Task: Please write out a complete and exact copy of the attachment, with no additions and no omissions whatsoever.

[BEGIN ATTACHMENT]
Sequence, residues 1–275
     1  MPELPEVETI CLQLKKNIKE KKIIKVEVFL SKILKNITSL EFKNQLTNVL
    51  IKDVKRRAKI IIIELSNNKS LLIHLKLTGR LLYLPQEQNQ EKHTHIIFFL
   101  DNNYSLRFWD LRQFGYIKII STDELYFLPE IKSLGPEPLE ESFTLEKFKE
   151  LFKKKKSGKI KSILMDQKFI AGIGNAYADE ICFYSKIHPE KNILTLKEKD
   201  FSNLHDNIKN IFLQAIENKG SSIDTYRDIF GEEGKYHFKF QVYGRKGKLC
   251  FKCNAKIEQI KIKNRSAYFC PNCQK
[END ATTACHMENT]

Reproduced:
Sequence, residues 1–275
     1  MPELPEVETI CLQLKKNIKE KKIIKVEVFL SKILKNITSL EFKNQLTNVL
    51  IKDVKRRAKI IIIELSNNKS LLIHLKLTGR LLYLPQEQNQ EKHTHIIFFL
   101  DNNYSLRFWD LRQFGYIKII STDELYFLPE IKSLGPEPLE ESFTLEKFKE
   151  LFKKKKSGKI KSILMDQKFI AGIGNAYADE ICFYSKIHPE KNILTLKEKD
   201  FSNLHDNIKN IFLQAIENKG SSIDTYRDIF GEEGKYHFKF QVYGRKGKLC
   251  FKCNAKIEQI KIKNRSAYFC PNCQK